“I cannot say that I am satisfied with the tempo and quantity of weapon supplies. Absolutely not,” said Mr. Reznikov, the minister of defense. “But at the same time, I am extremely ​grateful to the countries that support us.”

Ms. Bezugla said she was also thankful. “But for me, it’s hard to understand why help is given in doses, just enough to survive but not enough to win,” she said. “It worries me. Our people are dying every day here.”

Out in a field of green wheat shoots, one sign of the need for additional American military aid was the blown-up debris of earlier assistance. An American M777 howitzer had lost an artillery duel; it was blasted into several blackened, charred pieces amid craters from Russian artillery.

Reporting was contributed by Oleksandr Chubko from Kramatorsk, Ukraine, Marc Santora from Warsaw, Michael Levenson from New York, Dan Bilefsky from Montreal, Ivan Nechepurenko from Tbilisi, Georgia and Valerie Hopkins from Chernihiv, Ukraine.

View Source

>>> Don’t Miss Today’s BEST Amazon Deals! <<<<

Live Updates: Russian Troops Enter Kyiv as Moscow Pushes to Topple Ukraine’s Government

KHARKIV, Ukraine — Ukraine’s military on Friday was waging a fierce battle to push Russian forces back from Ukraine’s second-largest city, Kharkiv, a day after a vicious fight that littered the highway leading into the city with burned-out Russian troop carriers and at least one body.

The troop carriers had been halted at the entrance to the city, in the shadow of huge blue and yellow letters spelling KHARKIV. Nearby, the body of a Russian soldier, dressed in a drab green uniform, lay on the side of the road, dusted in a light coating of snow that fell overnight.

Soldiers sent to hold the position had few details of the fight that took place, saying only that it happened Thursday morning, shortly after Russia’s president, Vladimir V. Putin, gave the order to attack.

“Putin wants us to throw down our weapons,” said a Ukrainian soldier named Andrei, positioned in trench hastily dug into the black mud on the side of the road. “I think we could operate more slyly, gather up our forces and launch a counterattack.”

Off in the distance but close enough to feel, artillery shells boomed. Russian forces, which on Thursday pushed over the border from their staging area near Belgorod, about 40 miles from Kharkiv, have gathered in strength north of the city. It was not clear where or whether they would advance.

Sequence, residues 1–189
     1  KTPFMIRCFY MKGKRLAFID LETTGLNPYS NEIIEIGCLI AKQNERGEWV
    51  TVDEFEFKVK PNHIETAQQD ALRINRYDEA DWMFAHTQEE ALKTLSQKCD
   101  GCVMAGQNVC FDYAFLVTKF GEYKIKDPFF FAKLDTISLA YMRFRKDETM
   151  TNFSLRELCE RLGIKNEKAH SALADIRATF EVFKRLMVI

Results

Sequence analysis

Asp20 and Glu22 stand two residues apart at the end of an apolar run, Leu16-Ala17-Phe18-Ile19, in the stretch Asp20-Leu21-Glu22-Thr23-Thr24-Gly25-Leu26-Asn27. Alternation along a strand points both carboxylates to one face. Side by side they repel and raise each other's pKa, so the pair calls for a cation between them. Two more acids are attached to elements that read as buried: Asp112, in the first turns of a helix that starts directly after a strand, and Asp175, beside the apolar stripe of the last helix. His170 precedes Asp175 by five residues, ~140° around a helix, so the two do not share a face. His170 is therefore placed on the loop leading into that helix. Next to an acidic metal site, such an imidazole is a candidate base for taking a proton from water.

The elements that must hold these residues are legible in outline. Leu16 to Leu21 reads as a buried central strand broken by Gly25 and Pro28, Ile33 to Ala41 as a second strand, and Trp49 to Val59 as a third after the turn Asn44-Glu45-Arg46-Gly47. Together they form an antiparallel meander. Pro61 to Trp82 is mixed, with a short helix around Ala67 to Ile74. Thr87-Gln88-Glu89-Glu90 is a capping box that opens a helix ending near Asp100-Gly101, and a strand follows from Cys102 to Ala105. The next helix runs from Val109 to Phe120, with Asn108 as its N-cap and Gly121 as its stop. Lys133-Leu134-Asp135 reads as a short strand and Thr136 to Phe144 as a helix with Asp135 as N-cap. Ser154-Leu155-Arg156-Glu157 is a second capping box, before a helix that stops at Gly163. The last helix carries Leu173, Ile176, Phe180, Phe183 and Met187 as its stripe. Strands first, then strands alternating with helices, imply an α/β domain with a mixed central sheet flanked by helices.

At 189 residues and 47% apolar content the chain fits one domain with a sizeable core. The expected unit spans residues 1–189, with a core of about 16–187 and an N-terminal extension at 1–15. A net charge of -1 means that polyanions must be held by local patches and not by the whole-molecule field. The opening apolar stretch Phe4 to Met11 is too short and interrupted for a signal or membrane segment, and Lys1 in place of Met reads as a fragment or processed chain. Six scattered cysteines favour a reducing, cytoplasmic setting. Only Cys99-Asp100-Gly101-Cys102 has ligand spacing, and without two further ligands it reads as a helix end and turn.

Credit…Tyler Hicks/The New York Times

Most of the fighting appeared to be taking place a few miles outside the city limits, near a village called Tsyrkuny. The number of military and civilian casualties resulting from the fight were unclear, but on Friday the local police said a 14-year-old boy had been killed in a village near Kharkiv when a shell hit near his home. But strikes occasionally hit close enough to the city to elicit shrieks of terror from pedestrians, sending them fleeing into metro stations for cover.

Inside an underground station in central Kharkiv, terrified residents have been holed up for two days with their babies, pets and the few belongings — blankets, yoga mats and spare clothing — they could grab in short dashes to home and back, during breaks in the shelling. The city has parked trains in the station and allowed people to sleep in them.

Lidiya Burlina and her son, Mark, work in Kharkiv and were cut off from their home village, a two-hour train ride away, when the Russians moved in. They’ve been living in the metro station ever since. The stores in town are working only in the morning, Ms. Burlina said, and there is very little bread, which has dramatically increased in price in the two days since the war started. They cannot reach anyone in their village because the local power station was blown up.

“They’re sitting there in the cold, they can’t buy anything, and there’s no heat,” Ms. Burlina said. “And we’re here in the metro.”

Victoria Ustinova, 60, was sheltering in the metro with her daughter, two grandchildren and a fuzzy Chihuahua named Beauty, who was wearing a sweater. The family could have taken shelter in the basement of their apartment building, but from there the booms of artillery and tank fire were still audible.